Macroeconomics: The Day Ahead – 6 January 2021

Good Morning: The Long & the Short of it and The Bigger Picture

Written by Marc Ostwald, ADMISI’s Global Strategist & Chief Economist

  • Services PMIs, French and German CPI, US ADP Employment on tap along  with BoE FOC Testimony & US FOMC minutes, but all eyes on Georgia  election outcomes & Congress Electoral College count – “split vote” (?),  pandemic  developments, and US/China and HK tensions; UK &  German 10-yr auctions
  • Services PMIs expected to show some relative resilience, but January  a more interesting litmus test of sector sentiment
  • US ADP Employment: marginal rise expected as fiscal uncertainty and  rising infection rate related curbs drag

EVENTS PREVIEW

The narrative for markets remains unchanged: pandemic, politics and central bank financial repression, the latter feeding what appears to be a triumph of hope over adversity, though in truth more a function of a belief that central banks will backstop any financial asset class. The ‘regular’ macro schedule offers the array of Services PMIs, French and German CPI, and the US ADP Employment report, with helpings of BoE FPC testimony (likely to be dominated by questions about the collapse of LDF in 2019), and Dec FOMC meeting minutes (Evans comments on 3.0% inflation “not being so bad” perhaps being of greater interest). Govt bond supply picks up with Germany and the UK selling 10-yr debt. But all eyes will likely be on what would normally be the formality of the US Congressional ‘Electoral College’ vote count (‘split vote’ will likely be today’s watchword), which Trump and his allies have threatened to disrupt, as the votes are counted in the as expected knife-edge Georgia Senate run-off elections – at the time of writing Democrats have won one seat and are ahead by some 3.5K in the other, but legal challenges should be expected. The latest move by the US to bar transactions with eight Chinese apps, while China hinders the arrival of the WHO team investigating the virus outbreak, and security officials arrest 53 activists in Hong Kong only serves to underline the point that the geo-political backdrop remains very adverse.

 

** World – Dec Services PMIs **

– The message from the G7 flash Services PMIs was a simple one, the escalating restrictions on activity and movement are not having as dramatic an impact as they did in late Q1/early Q2, though the picture varies considerably across countries and regions, which today’s reports are likely to reaffirm. It should still be born in mind in this age of abjectly binary thinking and two tone evaluations that: a) ‘not as bad’ does not equal ‘good’, and b) as I have noted before, the shock factor that was present in H1 2020 is far lower now, i.e. this is no longer ‘unprecedented’, but rather more an unwelcome persistent challenge, that underlines a degree of impotence which in turn invites innovation to meet it. That said, the current rapid escalation in infection rates also threatens to undermine the rather complacent assumption that underlines most western governments policies that all that was really going to be needed was a vaccine, and then Covid-19 would be beaten. As East Asia and Australia/New Zealand have shown, four other factors are critical: being tough, disciplined and above all vigilant. Additionally the general public need to realize that governments are not the problem (Reaganite dogma) but the solution, and that the cheap rhetoric of populists against established institutions is empty, even if constructive criticism is a sine qua non. By extension, it is January’s Services PMIs that will be more informative as a litmus test of any ostensible ‘resilience’ in today’s surveys.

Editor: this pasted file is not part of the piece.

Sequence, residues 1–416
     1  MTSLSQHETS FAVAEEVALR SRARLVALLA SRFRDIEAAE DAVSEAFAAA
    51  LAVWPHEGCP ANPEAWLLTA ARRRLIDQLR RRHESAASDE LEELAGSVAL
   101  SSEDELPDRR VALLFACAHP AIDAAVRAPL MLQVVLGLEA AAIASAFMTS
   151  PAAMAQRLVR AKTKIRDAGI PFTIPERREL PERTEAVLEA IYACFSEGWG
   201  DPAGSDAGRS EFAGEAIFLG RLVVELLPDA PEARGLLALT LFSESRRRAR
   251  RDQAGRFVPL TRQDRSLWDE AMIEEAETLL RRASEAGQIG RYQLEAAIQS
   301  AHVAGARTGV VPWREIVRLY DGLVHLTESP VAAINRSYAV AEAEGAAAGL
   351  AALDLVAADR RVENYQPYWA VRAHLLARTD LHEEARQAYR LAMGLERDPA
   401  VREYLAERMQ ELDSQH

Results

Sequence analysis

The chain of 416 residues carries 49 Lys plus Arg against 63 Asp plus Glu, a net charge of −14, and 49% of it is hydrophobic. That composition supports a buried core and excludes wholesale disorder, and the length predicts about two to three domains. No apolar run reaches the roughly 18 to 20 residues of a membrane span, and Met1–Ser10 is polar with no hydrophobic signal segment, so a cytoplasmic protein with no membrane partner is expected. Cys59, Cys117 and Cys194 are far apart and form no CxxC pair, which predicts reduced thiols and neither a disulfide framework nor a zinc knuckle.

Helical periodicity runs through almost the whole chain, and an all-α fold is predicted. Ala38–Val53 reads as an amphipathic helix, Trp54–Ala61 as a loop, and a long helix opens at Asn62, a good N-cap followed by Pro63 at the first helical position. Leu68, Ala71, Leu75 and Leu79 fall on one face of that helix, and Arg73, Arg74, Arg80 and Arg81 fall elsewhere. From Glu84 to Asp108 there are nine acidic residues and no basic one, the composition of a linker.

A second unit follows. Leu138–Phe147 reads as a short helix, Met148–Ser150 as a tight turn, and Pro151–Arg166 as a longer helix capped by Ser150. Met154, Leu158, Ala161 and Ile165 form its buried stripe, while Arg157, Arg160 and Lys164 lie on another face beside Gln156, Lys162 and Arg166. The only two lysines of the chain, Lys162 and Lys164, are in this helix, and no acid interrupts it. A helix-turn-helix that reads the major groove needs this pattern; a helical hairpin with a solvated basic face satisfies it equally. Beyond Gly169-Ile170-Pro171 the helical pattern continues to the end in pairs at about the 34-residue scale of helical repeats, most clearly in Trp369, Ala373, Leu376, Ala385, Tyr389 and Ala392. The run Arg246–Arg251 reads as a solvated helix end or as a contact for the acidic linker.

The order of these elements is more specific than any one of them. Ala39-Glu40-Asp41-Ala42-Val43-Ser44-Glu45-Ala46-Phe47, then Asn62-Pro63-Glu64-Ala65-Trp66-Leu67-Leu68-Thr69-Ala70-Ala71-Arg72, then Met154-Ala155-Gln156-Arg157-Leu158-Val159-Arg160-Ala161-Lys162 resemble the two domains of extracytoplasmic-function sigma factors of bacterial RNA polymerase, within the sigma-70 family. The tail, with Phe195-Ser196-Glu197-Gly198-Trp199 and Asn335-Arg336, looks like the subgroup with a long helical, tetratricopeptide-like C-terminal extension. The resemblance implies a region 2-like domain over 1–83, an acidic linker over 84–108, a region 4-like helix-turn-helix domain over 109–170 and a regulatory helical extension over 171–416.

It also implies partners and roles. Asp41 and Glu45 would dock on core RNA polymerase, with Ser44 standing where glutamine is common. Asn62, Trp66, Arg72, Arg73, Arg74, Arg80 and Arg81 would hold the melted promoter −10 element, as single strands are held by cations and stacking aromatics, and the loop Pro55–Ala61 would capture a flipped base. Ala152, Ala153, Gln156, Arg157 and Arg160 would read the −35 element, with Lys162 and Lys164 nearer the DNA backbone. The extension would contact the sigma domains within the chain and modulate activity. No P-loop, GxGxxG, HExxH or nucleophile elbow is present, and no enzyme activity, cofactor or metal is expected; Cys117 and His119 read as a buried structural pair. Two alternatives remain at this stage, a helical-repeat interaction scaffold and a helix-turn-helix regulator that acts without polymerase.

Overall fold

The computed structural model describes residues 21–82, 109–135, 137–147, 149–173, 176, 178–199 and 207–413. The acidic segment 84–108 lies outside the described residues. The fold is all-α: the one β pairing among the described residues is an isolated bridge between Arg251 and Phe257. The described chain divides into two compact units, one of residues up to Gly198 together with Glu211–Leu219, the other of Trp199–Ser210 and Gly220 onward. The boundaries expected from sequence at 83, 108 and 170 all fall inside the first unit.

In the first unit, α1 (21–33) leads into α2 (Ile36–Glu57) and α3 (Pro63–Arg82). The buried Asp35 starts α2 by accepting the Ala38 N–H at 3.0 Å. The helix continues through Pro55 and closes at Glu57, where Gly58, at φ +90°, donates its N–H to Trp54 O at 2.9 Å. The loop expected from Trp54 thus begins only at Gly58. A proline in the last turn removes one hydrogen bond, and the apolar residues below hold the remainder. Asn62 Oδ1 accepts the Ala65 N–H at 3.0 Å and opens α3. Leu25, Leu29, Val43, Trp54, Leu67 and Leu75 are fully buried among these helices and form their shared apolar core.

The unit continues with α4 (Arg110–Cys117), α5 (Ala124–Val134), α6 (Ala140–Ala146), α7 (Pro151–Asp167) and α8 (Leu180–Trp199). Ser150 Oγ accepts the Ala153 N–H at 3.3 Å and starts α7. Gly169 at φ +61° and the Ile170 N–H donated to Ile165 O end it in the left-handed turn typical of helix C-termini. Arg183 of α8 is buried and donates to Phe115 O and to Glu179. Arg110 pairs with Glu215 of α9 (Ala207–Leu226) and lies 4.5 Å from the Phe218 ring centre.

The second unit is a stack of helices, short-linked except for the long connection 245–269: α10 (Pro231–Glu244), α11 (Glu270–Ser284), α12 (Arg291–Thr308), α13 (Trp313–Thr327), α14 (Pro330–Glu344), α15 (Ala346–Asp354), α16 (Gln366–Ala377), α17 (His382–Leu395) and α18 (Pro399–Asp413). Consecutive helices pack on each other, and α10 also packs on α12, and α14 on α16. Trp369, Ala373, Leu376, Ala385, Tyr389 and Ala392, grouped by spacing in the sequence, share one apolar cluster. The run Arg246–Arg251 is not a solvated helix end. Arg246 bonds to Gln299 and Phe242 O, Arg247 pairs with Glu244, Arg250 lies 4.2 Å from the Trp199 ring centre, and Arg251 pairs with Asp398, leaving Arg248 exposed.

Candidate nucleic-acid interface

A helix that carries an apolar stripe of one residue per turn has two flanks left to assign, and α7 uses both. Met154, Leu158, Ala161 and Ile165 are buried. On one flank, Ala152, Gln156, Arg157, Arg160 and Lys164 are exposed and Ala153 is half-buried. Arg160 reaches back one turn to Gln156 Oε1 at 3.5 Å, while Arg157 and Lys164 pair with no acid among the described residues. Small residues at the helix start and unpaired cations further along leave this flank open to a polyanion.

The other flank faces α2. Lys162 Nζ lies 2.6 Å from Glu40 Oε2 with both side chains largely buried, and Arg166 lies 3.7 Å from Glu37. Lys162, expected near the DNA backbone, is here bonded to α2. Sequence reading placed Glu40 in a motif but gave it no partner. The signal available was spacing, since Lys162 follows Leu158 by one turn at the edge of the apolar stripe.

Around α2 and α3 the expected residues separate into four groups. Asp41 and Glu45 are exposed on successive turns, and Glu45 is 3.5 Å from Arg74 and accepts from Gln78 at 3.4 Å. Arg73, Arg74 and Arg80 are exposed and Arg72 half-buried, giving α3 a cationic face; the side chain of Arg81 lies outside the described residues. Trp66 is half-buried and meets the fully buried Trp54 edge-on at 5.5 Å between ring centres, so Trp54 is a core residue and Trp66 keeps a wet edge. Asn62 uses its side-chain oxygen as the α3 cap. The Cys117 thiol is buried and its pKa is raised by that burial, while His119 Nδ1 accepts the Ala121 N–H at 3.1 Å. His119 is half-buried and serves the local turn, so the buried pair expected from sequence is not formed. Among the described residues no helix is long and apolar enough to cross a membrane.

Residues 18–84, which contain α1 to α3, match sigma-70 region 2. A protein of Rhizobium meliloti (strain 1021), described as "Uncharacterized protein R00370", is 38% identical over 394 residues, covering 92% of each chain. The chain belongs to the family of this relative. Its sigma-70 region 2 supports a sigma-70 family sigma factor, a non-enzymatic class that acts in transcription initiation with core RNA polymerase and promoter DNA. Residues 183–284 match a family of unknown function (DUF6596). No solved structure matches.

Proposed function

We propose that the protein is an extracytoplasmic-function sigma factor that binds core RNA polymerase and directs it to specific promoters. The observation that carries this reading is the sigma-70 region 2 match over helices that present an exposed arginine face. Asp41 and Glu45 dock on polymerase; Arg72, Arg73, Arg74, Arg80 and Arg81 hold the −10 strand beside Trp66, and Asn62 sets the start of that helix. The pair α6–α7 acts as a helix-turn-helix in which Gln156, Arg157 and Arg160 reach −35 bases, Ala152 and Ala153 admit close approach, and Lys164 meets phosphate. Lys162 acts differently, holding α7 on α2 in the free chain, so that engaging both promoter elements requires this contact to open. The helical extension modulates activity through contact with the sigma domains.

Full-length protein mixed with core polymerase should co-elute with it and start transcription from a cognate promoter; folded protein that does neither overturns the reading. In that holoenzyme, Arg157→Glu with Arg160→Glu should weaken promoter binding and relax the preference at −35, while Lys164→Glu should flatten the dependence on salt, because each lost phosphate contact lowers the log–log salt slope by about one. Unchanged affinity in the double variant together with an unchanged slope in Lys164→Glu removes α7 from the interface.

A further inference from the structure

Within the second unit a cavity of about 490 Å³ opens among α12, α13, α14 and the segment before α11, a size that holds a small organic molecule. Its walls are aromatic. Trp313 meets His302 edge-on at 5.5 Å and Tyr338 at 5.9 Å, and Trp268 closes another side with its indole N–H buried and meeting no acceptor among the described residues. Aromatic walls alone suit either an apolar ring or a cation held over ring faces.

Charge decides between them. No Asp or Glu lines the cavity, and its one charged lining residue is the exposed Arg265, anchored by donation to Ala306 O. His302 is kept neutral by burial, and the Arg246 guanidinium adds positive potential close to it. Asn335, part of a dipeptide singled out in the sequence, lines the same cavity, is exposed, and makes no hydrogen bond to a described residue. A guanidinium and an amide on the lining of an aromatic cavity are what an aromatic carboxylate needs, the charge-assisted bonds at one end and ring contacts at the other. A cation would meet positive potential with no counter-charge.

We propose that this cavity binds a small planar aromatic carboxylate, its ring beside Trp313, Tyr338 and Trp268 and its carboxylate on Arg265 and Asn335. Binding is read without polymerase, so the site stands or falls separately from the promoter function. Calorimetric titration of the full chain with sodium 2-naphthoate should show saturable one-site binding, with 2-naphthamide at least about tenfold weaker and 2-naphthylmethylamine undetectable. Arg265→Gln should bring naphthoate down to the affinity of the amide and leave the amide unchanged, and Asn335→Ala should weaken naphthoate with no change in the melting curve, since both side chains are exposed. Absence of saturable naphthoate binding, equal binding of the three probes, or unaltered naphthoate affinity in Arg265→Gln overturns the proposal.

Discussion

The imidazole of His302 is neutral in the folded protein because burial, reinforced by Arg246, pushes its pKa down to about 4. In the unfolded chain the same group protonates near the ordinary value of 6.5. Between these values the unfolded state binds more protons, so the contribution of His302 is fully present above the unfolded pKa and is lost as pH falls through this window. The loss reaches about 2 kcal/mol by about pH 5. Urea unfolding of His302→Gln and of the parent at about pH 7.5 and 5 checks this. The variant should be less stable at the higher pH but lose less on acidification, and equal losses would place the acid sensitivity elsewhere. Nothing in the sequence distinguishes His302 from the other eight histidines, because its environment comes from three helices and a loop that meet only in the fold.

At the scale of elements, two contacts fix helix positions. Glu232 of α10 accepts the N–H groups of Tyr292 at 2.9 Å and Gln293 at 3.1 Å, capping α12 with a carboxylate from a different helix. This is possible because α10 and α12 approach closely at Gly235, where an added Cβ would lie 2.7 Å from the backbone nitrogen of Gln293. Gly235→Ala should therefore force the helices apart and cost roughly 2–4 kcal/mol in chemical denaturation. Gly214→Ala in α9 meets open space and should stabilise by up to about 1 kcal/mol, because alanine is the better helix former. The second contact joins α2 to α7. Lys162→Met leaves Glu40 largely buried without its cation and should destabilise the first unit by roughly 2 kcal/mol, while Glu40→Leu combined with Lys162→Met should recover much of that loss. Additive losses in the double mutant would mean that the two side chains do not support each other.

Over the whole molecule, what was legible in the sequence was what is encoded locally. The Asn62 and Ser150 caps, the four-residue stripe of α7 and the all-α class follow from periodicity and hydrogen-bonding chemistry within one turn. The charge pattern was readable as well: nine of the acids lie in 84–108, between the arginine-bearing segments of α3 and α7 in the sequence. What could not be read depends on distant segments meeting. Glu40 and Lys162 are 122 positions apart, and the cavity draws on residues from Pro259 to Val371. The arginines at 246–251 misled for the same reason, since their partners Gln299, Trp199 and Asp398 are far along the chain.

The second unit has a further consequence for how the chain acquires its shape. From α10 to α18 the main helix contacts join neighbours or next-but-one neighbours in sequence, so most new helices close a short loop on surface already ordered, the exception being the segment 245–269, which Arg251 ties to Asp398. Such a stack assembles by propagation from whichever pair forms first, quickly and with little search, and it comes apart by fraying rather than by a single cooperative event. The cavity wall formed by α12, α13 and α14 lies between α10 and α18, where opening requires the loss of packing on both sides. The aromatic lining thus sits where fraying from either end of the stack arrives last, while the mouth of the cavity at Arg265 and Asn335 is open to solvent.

** U.S.A. – Dec ADP Employment **

– A very modest rise of 63K is expected, following November’s 307K (as compared with an official Private Payrolls rise of 345K), with the sharp rebound in Claims data, and all the uncertainty on the fiscal package allying with the sharp rise in infection rates, and by extension Services labour demand, all playing a role. PMI and regional Fed employment indices were very mixed, offering little insight into up or downside risks. But with the Georgia state election run-offs on a knife-edge and likely to hog the headline limelight, today’s report will probably garner little more than a passing reaction, barring a very sharp outlier relative to expectations.

 

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